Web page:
The City is hosting two Solar Eclipse Events.
Event organizers, residents, and business owners that are hosting public events for the Solar Eclipse 2024 are encouraged to submit an Eclipse Event Submission Form.
Event organizers, residents, and business owners that are hosting private events for the Solar Eclipse 2024 are encouraged to submit an Eclipse Event Submission Form. https://www.lampasas.org/FormCenter/Contact-Us-3/Eclipse-Event-Submission-Form-93
Your private event will not be posted on public websites; however; the submittal will notify emergency personnel of the event in case of emergency.
Yes, viewing a solar eclipse requires solar eclipse glasses. Without proper eye protection, viewing a solar eclipse can cause significant damage to your eyes.
During the Solar Eclipse Event campsites are being offered at the WM Brook Park and the 580 Sports Complex for a fee.
Per City of Lampasas Code of Ordinances
CHAPTER 54-PARKS & RECREATION
DIVISION 2. - SULPHUR CREEK
Sec. 54-141. - Bathing, swimming, fishing or wading in portion from U.S. Highway 281 bridge to water plant prohibited; exceptions.
It shall be unlawful for any unauthorized person to bathe, swim, fish, wade in or otherwise use or occupy that portion of Sulphur Creek or its banks and property immediately adjacent thereto extending from the U.S. Highway 281 bridge through the entire length of the golf course.
Sec. 54-142. - Swimming or bathing in portion from Naruna Road Crossing to Chestnut Street footbridge;
It shall be unlawful for any person to swim or bathe in that portion of Sulphur Creek extending from the Naruna Road Crossing to the Chestnut Street footbridge.
Per City of Lampasas Code of Ordinances
Chapter 54- PARKS & RECREATION
Sec. 54-167. - Hours of operation/temporary closures by the city.
Unless otherwise closed, and unless such closure is noted by signs posted at the park and/or field facility, city parks are open daily to the public as follows:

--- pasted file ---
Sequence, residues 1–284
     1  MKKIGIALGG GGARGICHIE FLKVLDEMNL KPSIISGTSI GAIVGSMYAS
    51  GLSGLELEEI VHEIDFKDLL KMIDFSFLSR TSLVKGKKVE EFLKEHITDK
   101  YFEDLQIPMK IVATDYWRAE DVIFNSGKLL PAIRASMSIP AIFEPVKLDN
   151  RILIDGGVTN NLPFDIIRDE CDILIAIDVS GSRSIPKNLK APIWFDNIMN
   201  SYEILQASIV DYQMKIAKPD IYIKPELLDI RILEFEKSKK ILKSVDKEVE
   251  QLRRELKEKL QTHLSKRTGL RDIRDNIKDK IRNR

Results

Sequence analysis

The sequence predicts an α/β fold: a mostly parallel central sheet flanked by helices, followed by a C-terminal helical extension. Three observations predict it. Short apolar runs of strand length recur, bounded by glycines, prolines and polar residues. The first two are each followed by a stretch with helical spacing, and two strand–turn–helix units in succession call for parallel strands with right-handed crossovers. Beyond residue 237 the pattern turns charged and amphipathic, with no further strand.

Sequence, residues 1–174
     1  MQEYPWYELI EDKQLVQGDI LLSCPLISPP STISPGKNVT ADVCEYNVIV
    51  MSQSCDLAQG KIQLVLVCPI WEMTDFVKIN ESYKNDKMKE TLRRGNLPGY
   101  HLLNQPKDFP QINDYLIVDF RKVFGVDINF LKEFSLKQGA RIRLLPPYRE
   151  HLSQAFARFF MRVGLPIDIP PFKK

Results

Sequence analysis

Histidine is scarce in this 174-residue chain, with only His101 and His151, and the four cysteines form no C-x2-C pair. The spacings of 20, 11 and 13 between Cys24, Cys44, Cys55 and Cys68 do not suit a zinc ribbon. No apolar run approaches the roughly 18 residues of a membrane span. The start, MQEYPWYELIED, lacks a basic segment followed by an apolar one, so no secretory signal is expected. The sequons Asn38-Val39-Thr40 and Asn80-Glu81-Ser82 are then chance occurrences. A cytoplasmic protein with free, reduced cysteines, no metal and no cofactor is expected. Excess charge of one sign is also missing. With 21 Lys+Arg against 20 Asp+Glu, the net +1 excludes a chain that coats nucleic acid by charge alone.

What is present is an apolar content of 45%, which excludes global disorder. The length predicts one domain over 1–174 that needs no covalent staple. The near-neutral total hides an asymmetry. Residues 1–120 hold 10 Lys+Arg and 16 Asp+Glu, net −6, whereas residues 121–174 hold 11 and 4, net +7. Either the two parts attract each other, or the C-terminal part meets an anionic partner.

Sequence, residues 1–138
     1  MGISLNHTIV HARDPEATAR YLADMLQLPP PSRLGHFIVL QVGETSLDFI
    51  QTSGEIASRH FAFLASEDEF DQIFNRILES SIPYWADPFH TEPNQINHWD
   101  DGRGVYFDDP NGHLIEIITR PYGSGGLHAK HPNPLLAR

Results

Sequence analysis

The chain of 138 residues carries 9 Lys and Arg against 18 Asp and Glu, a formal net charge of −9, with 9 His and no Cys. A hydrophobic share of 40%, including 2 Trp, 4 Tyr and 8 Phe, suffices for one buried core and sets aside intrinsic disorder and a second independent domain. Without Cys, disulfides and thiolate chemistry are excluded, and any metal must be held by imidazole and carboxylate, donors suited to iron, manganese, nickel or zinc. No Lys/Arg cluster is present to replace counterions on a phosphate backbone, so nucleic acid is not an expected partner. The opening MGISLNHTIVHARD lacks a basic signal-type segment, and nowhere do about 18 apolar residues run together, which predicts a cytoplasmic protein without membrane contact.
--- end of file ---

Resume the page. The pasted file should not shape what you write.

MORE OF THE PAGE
The city expressly reserves the right to close, or otherwise limit access to, any city park, recreational facility, or other public property under the control of the city if, in the opinion of the city, conditions such as inclement weather, poor field/ground conditions, or other park, grounds, equipment or facility conditions exist that would make occupancy and/or use of the city property dangerous to the public or detrimental to the public property.
It shall be unlawful for any person to enter into a closed city property or otherwise use a closed facility. Additionally, it shall be unlawful for any person to damage closed city property, through any use thereof, when field, grounds, equipment, or facility conditions exist such that use may result in abnormal wear and tear, in extraordinary maintenance, or necessitate unusual repairs of such properties.
For a total solar eclipse to take place, the moon passes between the sun and Earth, completely blocking the face of the sun. Weather permitting, people located in the center of the moon’s shadow when it hits Earth will experience a total eclipse. The sky will become very dark for a few minutes, as if it were night. Normally, when looking at the sun, you can only see the photosphere, the bright surface.
However, extending about 5,000 km above the photosphere is the region of the solar atmosphere called the chromosphere. It is only seen during total solar eclipses, or with sophisticated telescopes, and its red and pinkish color gives the blackened moon a thin halo of color against the greyish corona. People in the path of a total solar eclipse can also see the sun’s corona, the outer atmosphere, which is otherwise usually obscured by the bright face of the sun. A total solar eclipse is the only type of solar eclipse where viewers can briefly remove their eclipse glasses, during the few moments when the moon is completely blocking the sun.